Why do we work so hard for things we don’t really want?

 

 

It’s Thanksgiving Day here in the US. Perhaps the biggest holiday of the year, it is marked with feasts, football, and shopping. Tomorrow, Friday, is known as Black Friday for business. Many stores open tonight, many more open very, very early tomorrow morning.

The holiday used to be observed almost entirely in homes. It has become a major commercial enterprise these days. While it once was that our appetites were stimulated for sumptuous meals of roast turkey, cornbread stuffing, mashed potatoes, candied yams, and pumpkin pie, these days the major appetite stimulated is for things. Shopping is the object.

If I may, I am going to borrow from a piece I wrote for my personal blog – www.JackDunigan.com. It goes like this:

 

mad magazineSome of us remember Mad Magazine (actually it is still in publication after 60 years) and its resident mascot Alfred E. Newman. He is most famous for his “What, me worry?” line, but he had another epithet that is less well-known but revealing nonetheless. He said:

“Most people don’t know what they want, but they’re pretty sure they haven’t got it.”

Some years ago a survey was taken in Los Angeles asking people how much money they would really like to make per year. Nearly everyone said they would really like to earn 20% more. Whether one was a minimum wage earner or in the top 1%, they all wanted 20% more.

It is a condition of human nature to want more. The very biological nature of life is growth and it affects our thinking too. When we look at our own personal state and compare it to others, we almost always compare it to those whom we perceive as doing better than we are, who have more than we do.

Now, accumulation of things and earning more money is certainly not evil unless and until it becomes obsessive and establishes itself as the focus of living. But, to shamelessly borrow from Jesus’ admonitions, Life does not consist of the abundance of one’s possessions.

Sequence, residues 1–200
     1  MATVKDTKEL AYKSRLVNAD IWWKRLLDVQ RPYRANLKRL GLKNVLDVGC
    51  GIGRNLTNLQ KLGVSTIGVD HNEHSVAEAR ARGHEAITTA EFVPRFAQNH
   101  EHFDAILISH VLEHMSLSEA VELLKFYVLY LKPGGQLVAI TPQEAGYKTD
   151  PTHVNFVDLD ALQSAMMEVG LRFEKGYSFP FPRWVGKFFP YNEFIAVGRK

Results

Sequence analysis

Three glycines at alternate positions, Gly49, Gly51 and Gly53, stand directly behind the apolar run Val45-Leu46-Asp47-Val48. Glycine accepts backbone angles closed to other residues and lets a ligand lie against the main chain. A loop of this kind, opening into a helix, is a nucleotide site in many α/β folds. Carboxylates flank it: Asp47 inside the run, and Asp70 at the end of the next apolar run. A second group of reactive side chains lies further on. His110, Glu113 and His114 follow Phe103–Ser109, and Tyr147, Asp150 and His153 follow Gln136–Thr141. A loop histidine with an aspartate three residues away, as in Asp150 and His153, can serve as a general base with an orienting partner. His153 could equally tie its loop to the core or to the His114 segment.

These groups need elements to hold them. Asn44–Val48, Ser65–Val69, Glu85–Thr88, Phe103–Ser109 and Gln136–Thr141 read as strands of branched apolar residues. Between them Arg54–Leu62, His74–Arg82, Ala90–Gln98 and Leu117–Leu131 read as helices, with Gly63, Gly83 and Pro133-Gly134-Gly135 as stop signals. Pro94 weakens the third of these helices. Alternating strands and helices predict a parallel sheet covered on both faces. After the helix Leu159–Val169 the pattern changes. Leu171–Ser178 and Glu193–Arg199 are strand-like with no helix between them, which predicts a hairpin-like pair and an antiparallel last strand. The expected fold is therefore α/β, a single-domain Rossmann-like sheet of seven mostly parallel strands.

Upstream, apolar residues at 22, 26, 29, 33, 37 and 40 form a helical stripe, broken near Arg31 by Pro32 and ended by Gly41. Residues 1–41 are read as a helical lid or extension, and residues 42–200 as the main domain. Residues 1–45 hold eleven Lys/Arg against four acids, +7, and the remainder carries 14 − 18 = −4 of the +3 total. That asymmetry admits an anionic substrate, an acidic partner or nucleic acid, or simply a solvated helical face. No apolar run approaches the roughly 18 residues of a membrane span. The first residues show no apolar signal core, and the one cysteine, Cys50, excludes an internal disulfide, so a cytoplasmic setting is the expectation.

It is no wonder that, having been there and done that, so many seniors downsize, get rid of things, change the focus of life. I used to find it odd that seniors bought aluminum siding and lived in mobile home parks or condos. I thought they were just getting tired and lazy, but then as I approached that stage of life myself, I discovered why. With less to have to do we can do more of what we want to do. So we move into communities where someone else mows the lawn and we buy homes requiring a good deal less maintenance.

Now please do not think I am slamming an ambitious and full-tilt lifestyle. I am not. There is nothing wrong with wanting a better standard of living, more comfort, more money, greater success. You will discover though, that the new thing you want so badly is soon the old thing. A discontentment with the present can easily impel us to wish we had just a little bit more than we have.

If there is one benefit to an economic downturn is that it forces us to refocus our standards and revalue our life. If you want to be happy for the rest of your life, the next time you feel tempted to measure your life and living against someone, why not measure it against someone who has just a little bit less than you do? I mean, what could it hurt? You just might not feel so bad about that cell phone you carry, that tv you have to watch, that car you have to drive.

You see, the advertising people know the four components of sale are AIDA – Attention, Interest, Desire, Action. If they can get your attention, provoke interest in their product or service, and PROVOKE DESIRE, they can usually motivate you to action resulting in a sale.

Contentment is a rare virtue these days. But your life is much more that what you have and way much more than what you don’t have.

Don’t be so sure you don’t already have what you really want.

Have a great Thanksgiving! It’s a holiday weekend and I’m taking the time off. Hope you can too.

 

 

 

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